Last week, a University of Nevada, Reno student- who had been vaccinated against measles, mumps, and rubella- was found to have contracted measles. In response, health departments in two states have opened investigations to figure out what happened and how best to protect the community.1 According to the CDC, the full course- two shots- is 97% effective in preventing measles while one dose is 93% effective and yet, getting measles after you’ve been vaccinated against it, is not unheard of.
Measles, a respiratory disease characterized by a red rash and fever, is so contagious that 9 in 10 people who get close to someone who is infected, will become infected as well (if they aren’t immune). Because people are contagious for four days before the rash appears (to four days after) you might not even know you’re unwell. You see, the virus, found in the misty droplets of our “breath, coughs or sneezes, can live up two hours in the air and on surfaces in a room where a sick person has been.” 2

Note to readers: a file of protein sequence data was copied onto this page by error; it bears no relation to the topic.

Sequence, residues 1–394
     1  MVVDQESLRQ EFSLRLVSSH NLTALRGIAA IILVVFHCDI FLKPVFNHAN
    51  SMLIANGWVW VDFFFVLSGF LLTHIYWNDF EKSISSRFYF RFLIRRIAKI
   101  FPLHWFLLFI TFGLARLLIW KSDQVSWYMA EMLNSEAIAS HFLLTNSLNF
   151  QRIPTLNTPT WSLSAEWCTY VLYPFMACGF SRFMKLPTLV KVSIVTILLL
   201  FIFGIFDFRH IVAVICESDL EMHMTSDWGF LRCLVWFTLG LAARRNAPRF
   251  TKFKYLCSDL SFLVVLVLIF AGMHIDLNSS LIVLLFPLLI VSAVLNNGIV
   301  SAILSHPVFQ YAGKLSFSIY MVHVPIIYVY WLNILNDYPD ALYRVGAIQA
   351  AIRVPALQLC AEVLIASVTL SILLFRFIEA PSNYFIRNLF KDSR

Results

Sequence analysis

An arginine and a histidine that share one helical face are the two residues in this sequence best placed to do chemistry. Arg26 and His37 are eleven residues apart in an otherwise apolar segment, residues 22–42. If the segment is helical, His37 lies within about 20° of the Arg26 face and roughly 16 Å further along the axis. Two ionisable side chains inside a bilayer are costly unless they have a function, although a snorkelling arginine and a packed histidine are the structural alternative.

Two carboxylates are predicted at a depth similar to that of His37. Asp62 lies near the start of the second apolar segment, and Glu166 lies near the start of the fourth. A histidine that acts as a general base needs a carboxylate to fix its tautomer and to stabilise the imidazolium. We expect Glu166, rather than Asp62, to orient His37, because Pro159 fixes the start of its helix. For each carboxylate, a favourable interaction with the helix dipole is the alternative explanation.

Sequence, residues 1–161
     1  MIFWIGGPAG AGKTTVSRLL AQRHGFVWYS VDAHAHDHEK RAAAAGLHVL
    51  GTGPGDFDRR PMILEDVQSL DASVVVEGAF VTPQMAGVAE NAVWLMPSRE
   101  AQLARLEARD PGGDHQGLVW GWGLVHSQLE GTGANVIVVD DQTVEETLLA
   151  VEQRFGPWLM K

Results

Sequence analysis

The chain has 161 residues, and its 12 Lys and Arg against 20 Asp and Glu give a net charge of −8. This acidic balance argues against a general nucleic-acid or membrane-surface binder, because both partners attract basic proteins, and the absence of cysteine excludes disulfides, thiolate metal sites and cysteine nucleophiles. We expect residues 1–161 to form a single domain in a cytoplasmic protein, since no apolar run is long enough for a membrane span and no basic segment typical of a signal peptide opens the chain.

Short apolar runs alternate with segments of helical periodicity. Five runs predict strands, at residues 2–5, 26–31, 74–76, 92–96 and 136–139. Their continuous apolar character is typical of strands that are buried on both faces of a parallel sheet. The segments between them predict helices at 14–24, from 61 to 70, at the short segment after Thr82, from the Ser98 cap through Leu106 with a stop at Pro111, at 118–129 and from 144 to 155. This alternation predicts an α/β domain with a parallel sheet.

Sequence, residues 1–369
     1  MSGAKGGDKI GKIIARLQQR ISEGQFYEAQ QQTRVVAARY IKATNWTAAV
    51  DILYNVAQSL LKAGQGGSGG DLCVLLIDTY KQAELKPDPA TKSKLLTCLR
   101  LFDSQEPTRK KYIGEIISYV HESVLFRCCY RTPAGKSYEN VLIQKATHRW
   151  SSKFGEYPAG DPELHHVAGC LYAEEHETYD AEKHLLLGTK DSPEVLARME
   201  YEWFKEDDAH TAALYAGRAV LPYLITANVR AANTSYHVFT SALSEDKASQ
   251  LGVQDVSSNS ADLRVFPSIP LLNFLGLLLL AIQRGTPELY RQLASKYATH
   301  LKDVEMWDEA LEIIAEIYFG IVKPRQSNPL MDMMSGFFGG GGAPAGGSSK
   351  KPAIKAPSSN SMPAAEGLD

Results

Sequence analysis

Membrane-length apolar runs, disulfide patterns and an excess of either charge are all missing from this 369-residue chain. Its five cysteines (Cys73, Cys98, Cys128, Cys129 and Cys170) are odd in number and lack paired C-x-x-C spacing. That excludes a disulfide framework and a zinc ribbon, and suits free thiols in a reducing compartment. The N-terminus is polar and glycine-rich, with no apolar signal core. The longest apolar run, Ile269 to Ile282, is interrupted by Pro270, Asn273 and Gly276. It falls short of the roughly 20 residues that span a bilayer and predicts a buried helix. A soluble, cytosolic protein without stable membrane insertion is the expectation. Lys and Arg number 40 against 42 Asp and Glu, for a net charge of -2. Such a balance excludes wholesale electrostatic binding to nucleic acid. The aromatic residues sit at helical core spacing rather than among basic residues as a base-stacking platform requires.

As of March 30, 34 people in 11 states had been sickened by measles.
The case in Reno is linked to an outbreak in the San Francisco Bay area where an unvaccinated person traveling in Europe was exposed to and developed measles after returning to the San Francisco Bay area. Currently, the outbreak consists of six confirmed cases and one suspect case. (Six people is considered an outbreak?)
“Washoe County health officials have received hundreds of phone calls so far from people concerned that they been nearby as the student went shopping at Walmart, to class on campus and skiing at Squaw Valley. The student also visited a CVS clinic and a hospital urgent care March 31 and then the university health center without knowing the potential for passing on the disease.”3
About 300 of about 21,000 students at the University of Nevada, Reno have waivers for the required vaccinations and are currently prohibited from returning to campus. But fear of contracting the virus or worry about being prohibited from attending classes has seen at least nine MMR vaccines given at the university’s student health center in recent days.
If you suspect you’ve been exposed to the measles virus, common sense says you should stay home and rest, lest you infect others or put your already hard-working immune system, under further stress. But I’m not a doctor and my advice shouldn’t be taken as such.